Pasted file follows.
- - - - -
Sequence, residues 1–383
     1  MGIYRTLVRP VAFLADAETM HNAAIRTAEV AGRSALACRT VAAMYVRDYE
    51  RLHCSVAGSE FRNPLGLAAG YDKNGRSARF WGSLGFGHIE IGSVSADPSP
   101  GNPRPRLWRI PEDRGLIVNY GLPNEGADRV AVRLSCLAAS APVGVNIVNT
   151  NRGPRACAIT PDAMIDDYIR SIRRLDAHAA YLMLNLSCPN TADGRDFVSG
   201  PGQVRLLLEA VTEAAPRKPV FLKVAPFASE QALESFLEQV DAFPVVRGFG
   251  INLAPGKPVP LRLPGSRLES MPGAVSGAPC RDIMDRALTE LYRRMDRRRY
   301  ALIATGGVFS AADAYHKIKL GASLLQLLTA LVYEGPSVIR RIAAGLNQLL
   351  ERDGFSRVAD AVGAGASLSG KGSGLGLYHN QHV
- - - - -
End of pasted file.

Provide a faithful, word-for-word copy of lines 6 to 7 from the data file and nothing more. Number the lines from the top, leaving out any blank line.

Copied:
   201  PGQVRLLLEA VTEAAPRKPV FLKVAPFASE QALESFLEQV DAFPVVRGFG
   251  INLAPGKPVP LRLPGSRLES MPGAVSGAPC RDIMDRALTE LYRRMDRRRY